Project Description

 

I once attended a peace summit in Newark, New Jersey, in which Jody Williams, who won a Nobel Peace Prize for her campaign against land mines, shared a stage with fellow Peace Prize winner, the 14th Dalai Lama.

The Dalai Lama spoke of how destructive it can be to hold onto anger, how it screws up your face1 and gets into your body, keeping you angry, making you sick, and robbing you of happiness and health. Working for peace, he explained, requires compassion, which in turn requires meditation and working with our anger when it arises.

Williams wasn’t having it. The powerhouse activist defended anger, citing it as a valuable and driving force for her work. Without it, she argued, she would not have accomplished what she had. Plus, there were too many problems to fix. Later she listed everything she thought about while the Dalai Lama was meditating on inner peace.

While he did not agree with her, exactly, to say he disagreed doesn’t sound right either. In fact, nothing about him exuded agreement or disagreement at all. Rather, he seemed to appreciate her, to welcome her energy in a way that was open and compassionate, yet somehow not patronizing, superficial, or dismissive.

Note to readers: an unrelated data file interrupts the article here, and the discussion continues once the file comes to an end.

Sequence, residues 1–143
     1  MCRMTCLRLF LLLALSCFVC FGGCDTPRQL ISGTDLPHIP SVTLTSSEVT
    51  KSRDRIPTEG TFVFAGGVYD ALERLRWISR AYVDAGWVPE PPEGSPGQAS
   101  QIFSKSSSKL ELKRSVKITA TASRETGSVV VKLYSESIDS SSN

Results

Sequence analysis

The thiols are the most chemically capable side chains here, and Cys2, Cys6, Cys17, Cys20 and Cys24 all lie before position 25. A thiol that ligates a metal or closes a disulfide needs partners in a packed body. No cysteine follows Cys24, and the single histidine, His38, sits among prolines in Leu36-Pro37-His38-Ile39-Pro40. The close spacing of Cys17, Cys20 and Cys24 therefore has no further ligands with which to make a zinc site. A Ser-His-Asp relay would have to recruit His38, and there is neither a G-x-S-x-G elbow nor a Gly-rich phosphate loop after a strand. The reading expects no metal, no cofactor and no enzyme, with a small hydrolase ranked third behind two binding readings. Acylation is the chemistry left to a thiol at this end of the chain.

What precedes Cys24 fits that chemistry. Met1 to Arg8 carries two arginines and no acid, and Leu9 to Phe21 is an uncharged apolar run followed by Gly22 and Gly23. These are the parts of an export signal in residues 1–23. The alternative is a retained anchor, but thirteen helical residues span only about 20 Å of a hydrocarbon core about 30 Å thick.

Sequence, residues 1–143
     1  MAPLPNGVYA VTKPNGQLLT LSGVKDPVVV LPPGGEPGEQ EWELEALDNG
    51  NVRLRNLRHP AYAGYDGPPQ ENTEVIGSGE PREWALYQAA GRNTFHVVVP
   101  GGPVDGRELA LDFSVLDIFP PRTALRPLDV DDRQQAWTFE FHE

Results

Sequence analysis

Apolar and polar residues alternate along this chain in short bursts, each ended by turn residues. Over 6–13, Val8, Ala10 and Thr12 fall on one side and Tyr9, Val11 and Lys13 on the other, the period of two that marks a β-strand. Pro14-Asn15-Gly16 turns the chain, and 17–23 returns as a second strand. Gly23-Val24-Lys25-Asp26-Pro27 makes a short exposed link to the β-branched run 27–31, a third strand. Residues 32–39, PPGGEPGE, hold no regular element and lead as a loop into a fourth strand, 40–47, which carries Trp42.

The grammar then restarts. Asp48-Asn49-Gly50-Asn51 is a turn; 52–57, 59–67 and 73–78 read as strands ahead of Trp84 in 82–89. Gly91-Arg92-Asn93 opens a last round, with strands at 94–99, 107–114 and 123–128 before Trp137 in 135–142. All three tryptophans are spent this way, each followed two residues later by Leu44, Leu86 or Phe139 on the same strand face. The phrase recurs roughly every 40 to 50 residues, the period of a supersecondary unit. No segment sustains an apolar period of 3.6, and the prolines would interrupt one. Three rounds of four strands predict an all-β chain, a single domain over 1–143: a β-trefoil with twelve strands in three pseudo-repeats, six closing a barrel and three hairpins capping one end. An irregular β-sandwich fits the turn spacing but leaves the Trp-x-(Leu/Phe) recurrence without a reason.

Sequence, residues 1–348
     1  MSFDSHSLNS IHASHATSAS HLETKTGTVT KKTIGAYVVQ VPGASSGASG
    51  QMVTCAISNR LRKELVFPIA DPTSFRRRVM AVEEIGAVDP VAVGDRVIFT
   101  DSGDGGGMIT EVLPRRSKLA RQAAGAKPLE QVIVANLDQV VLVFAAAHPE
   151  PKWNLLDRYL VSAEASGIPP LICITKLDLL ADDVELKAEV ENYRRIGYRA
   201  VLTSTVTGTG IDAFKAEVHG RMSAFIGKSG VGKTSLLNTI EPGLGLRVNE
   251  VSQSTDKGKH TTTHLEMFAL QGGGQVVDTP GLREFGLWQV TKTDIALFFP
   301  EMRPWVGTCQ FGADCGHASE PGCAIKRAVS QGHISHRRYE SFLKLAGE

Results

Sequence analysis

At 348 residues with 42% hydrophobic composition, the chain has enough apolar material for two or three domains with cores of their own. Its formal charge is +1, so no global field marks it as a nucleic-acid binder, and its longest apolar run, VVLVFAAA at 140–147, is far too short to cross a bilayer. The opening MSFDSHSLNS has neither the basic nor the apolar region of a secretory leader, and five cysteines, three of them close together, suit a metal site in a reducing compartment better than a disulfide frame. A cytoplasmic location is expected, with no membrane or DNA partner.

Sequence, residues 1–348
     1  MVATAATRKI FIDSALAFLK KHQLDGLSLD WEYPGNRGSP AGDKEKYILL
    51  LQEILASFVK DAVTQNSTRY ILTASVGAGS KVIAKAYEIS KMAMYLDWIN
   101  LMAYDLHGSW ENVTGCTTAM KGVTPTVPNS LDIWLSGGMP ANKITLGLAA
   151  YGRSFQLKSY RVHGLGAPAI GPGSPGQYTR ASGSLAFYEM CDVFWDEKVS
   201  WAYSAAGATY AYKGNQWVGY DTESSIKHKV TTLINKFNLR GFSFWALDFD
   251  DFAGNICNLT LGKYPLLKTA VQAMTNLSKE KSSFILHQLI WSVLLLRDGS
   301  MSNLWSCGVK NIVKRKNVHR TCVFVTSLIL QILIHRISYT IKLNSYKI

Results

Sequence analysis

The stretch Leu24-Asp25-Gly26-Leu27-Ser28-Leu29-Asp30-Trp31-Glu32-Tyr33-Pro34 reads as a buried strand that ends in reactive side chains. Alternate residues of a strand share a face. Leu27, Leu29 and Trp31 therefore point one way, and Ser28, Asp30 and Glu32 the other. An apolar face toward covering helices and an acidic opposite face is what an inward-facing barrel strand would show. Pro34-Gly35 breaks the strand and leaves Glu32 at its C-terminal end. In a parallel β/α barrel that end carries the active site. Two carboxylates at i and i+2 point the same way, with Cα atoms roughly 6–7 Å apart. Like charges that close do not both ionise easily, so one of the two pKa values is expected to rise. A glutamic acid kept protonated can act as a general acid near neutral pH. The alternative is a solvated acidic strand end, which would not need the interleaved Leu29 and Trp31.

I did not get the impression that either of them changed the other’s view on anger. They came at anger and change from different tacks. Her approach to disarmament was literal, outward, action-oriented, and proudly anger-driven. His way of disarmament, it seemed, was in his personhood itself–the idea being, I think, that the outer work is most effective when we first transform anger from the inside.

Art Makes Room for Anger

I won’t presume to moderate the points. If Jody Williams and the Dalai Lama didn’t come to a satisfying conclusion on that one, I’m pretty sure my blog won’t.

But is it too self-important, too pat an answer, to suggest that art makes room for both?

Earlier I wrote about art as relief from stress, anxiety, or pain (art as escape). In this way it is life affirming, even life saving. But art has more for us than relief. Because what does it even mean to “transform” anger into art?

 

Art that Evokes or Expresses Anger